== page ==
Edouard Cortès was a famous French post-Impressionist artist. His paintings capture La Belle Epoque, or “Beautiful Age” of Paris between the end of the Franco-Prussian war in 1871 and the start of World War I in 1914. Through his use of bold brush strokes and intriguing colors, Cortès expressed the charm, energy, and romance of old Paris.
Edouard Leon Cortès was born in 1882, in Lagny, France. He came from a family of artists, as both his father, Antonio Cortès and his grandfather, Andrés Cortès, were well-known painters. Edouard Cortès’ stepbrother and sister were also talented painters.
By the age of sixteen, Edouard Cortès had already exhibited one of his works at the Société des Artistes Francais. Enrolling at the École des Beaux-Arts in Paris at age seventeen, Cortès fell in love with the city of Paris and its vibrant street life. In addition to his expressive street views of the city, he painted familial interiors, landscapes, and seascapes. Cortès participated in annual exhibitions and traveled the countryside, often staying with his sister and her family in Normandy.
By 1910, Cortès was actively participating in almost every major exhibition in France, displaying his paintings and pastels at the Paris Salon, the Toulouse International Industrial Salon, the Union Artistique des Ardennes, the Société des Amis des Arts de l’Avallonnais, the Société Artistique de Charenton, and the Société des Artists Girondins at the Autumn Salon in Bordeaux. He also joined the Association of French Landscape Painters under the leadership of Henri Harpignies.
Shortly after his marriage to Fernande Joyeuse in 1914, Cortès enlisted in the French army. As he moved during the Great War from one regiment to another, Cortès recorded the military life in postcard drawings that he sent home to his wife. After the war, he returned to Paris before settling in Lagny, where he painted springtime landscapes, flowering shrubs, and wisteria vines. At this time, Cortès discovered that his work was appreciated beyond France, and he began to send his work to selected art dealers in the Canadian and American markets.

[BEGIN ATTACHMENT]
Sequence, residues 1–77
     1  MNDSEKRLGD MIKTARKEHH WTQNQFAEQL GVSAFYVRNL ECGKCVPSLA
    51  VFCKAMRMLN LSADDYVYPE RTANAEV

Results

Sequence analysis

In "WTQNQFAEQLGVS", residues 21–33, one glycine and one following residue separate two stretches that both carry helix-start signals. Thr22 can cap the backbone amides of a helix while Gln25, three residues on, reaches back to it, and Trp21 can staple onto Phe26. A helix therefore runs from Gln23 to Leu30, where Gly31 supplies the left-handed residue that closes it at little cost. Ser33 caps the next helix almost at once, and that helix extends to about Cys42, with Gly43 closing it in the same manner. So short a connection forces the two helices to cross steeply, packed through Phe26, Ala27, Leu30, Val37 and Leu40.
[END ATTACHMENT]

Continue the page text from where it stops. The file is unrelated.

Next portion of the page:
Cortès continued his regular exhibition in Paris and around France, persisting through the 1930s and the tumultuous period of the Second World War. Through this time his paintings grew in popularity among American art collectors, allowing Cortès to support his family, including his sister and two of her daughters. Cortès continued to paint into his old age, submitting paintings to annual exhibitions before his death in 1969.
Cortès’ Artwork and Market
Edouard Cortès is known mostly for his paintings of Parisian streets. He was inclined to paint these scenes at the same location, at different times of day, during different seasons in the year, and even at intervals of several years apart. His work is often considered synonymous with the La Belle Epoque, as a type of time capsule of that era.
Cortès’ paintings have always enjoyed a steady popularity, both in his lifetime and since his death. The market has maintained a strong demand for his paintings, with many fetching five-figure prices over the last several years. Of all his work, the Parisian street scenes are still the most popular and in demand.
Where to Appraise and Sell Edouard Cortès’ Artwork
If you have any works by Edouard Cortès, especially his landscapes or street scenes, get in touch with our experts at Revere Auctions. If you would like to sell your Cortès paintings, you can auction them at our location in St. Paul, Minnesota. We also offer our services online.
You can contact us anytime for a free auction estimate if you want to sell Cortès’ work. We have a very simple process. After you send us the photos of the work, our experts will take a look, analyze, and provide you an estimate of the amount the artwork is likely to reach at auction.
If you need an appraisal for Cortès’ work, we provide a certified appraisal report that can be used for estate taxes, donations, and insurance coverage. Our appraisals are compliant with Uniform Standards of Professional Appraisal Practice and are accepted by insurance companies, charity agencies, and the IRS.